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No generational conflict: Young and old are primarily looking for security.





Our mission

Germany is experiencing a turning point. The war in Ukraine, the climate crisis, globalisation, and a forced digitalisation are challenging our economic and social order. But how do people see the situation? For its 100-year anniversary, R+V-Versicherung wanted to find out the answer to this question and commissioned Prognos to carry out a generation study.

For this purpose, in the spring of 2022, two pivotal generations were interviewed:

  • Generation Z – today's young people between the ages of 13 and 26, who will be at the peak of their working lives in 2040.
  • The baby boomer generation, between 52 and 66 years old, who characterise today's Federal Republic. Almost a quarter of all Germans belong to this generation.

Our approach

The generational study is based on two surveys of Generation Z and baby boomers in Germany: one scenario survey with around 200 participants, and a generational survey with around 2,000 participants.

Prognos implemented the scenario survey in January 2022. The generational survey was carried out by Kantar Public. The focus was on the general view of the future and key future topics such as environmental and climate protection, working hours, and education. Selected survey results were used to design future scenarios using our macroeconomic models.

Kantar Public conducted the survey online in March and April 2022. A representative sample of generations was drawn from a pool of willing-to-participate households. The survey focused on future trends and values. Questions from the Shell Jugendstudien (Shell Youth Studies) were also integrated, allowing a comparison with previous results.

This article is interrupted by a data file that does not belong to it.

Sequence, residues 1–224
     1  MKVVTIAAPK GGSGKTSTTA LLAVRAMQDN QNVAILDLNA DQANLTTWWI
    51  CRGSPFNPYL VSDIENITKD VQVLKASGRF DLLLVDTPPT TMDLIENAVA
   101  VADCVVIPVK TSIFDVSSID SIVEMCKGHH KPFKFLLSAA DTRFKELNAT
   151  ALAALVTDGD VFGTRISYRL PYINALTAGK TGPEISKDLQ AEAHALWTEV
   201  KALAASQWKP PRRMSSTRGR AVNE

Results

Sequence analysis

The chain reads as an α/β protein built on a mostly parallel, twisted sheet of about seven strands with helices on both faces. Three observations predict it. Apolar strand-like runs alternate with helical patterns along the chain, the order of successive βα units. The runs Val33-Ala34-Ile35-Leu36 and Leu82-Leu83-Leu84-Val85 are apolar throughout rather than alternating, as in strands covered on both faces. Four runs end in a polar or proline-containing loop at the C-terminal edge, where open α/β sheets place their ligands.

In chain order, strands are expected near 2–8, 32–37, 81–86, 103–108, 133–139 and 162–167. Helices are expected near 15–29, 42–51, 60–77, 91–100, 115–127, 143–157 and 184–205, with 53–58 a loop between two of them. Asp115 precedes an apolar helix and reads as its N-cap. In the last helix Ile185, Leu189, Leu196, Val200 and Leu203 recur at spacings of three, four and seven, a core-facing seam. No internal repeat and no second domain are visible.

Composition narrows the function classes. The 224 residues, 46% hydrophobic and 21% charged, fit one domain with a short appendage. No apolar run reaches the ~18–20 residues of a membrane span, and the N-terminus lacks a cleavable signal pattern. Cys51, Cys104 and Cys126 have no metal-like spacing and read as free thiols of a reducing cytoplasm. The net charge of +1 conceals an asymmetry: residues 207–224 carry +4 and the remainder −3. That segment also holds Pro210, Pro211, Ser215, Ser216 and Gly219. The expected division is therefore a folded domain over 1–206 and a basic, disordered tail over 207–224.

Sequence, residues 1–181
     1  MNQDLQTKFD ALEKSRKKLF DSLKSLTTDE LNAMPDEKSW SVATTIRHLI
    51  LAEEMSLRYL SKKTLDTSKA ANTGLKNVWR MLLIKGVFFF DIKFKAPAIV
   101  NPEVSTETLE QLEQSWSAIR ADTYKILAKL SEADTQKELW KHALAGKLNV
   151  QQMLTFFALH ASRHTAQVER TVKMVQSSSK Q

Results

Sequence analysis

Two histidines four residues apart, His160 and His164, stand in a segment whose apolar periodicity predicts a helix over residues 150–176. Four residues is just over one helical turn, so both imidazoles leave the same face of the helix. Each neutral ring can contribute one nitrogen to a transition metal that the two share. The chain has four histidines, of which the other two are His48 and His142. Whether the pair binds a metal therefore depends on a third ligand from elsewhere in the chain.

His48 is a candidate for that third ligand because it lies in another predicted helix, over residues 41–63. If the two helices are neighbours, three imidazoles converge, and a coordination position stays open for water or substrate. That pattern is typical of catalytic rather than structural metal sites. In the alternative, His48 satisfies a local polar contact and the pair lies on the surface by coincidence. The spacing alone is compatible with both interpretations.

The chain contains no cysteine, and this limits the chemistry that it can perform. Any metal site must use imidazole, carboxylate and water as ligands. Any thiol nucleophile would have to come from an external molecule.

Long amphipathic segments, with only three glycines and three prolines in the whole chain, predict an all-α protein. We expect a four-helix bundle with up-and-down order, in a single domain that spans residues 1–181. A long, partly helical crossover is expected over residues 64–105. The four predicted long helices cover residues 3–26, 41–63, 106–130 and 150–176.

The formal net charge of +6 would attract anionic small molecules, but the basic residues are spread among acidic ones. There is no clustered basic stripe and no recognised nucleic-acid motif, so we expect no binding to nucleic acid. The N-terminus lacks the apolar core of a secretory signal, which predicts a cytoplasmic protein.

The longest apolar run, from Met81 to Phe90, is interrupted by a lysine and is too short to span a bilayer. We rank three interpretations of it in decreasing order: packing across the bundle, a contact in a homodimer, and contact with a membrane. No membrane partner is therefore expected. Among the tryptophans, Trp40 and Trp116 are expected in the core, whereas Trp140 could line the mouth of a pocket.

Core results

First outstanding result: The intergenerational conflict, lamented by many, does not exist at all.

On the central question of which social issues are the most important, baby boomers and Generation Z were surprisingly united. Their priorities:

  • Pension provision
  • Securing the health system and care
  • The fight against climate change

This shows: It is possible to shape the future together.


There is also a great deal of agreement on the question of values. Both generations value:

  • “A partner you can trust”
  • Friends and family follow, in second place
  • Third is the pursuit of security

However, there are some differences that have conflict potential:

  • How the self-image and public image of the generations differs. It seems strongly influenced by media-mediated clichés. Both generations assume the other generation to be selfish.
  • Both generations demand that politics should do more for their interests. However, among those baby boomers with a higher level of education, many also believe that the state should prioritise the young over the old.

Another key result is a loss of confidence in the future. More than two-thirds of young people see the future of society as rather gloomy, even more so than the already negative attitude of baby boomers (63 percent). A comparison with the Shell Jugendstudien shows that this is a negative record. In 2019, “confidence” among young people was still at more than 50 percent.

Links and downloads

Further information on the study (, in German)

Read the study directly as WebMag:

Project team: Dr Oliver Ehrentraut, Klaudia Lehmann, Jonathan-Aton Talamo, Christoph Keller, Laura Sulzer, Dr Stefan Moog, Jan Limbers, Miriam Lovis


Latest update: 15.09.2022

Do you have questions?

Your contact at Prognos

Klaudia Lehmann

Senior Project Manager

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Dr Oliver Ehrentraut

Partner, Director, Head of Economics Division

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Prognos is one of the oldest economic research centres in Europe. Founded at the University of Basel, Prognos experts have been conducting research for a wide range of clients from the public and private sectors since 1959 – politically independent, scientifically sound.

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